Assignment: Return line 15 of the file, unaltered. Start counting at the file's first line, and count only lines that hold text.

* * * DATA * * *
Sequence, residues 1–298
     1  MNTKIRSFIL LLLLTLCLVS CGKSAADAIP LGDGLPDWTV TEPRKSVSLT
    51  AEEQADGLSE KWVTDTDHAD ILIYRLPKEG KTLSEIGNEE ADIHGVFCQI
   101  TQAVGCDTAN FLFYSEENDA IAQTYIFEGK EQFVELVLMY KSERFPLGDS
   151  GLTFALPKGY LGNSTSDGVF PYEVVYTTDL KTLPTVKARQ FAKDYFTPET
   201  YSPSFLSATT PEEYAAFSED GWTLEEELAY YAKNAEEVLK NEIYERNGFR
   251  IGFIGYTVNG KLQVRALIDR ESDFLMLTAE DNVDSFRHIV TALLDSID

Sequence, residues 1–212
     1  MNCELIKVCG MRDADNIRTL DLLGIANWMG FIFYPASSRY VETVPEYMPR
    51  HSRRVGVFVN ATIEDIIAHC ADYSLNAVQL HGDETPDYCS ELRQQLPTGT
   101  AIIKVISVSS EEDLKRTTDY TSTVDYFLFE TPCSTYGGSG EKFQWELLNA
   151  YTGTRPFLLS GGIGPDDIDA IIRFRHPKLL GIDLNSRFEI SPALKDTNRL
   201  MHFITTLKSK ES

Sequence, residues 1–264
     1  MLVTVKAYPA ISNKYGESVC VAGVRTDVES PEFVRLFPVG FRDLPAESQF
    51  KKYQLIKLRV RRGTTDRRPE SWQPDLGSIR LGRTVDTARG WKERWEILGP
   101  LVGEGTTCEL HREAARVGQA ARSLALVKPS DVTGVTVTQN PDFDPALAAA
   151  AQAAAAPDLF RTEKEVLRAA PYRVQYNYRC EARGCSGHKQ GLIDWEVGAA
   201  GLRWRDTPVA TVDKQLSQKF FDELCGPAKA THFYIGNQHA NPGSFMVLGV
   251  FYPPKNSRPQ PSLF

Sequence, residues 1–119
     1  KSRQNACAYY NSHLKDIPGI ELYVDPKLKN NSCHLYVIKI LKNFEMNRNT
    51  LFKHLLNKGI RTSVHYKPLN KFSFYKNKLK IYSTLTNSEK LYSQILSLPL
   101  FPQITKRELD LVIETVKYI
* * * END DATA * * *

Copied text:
     1  MLVTVKAYPA ISNKYGESVC VAGVRTDVES PEFVRLFPVG FRDLPAESQF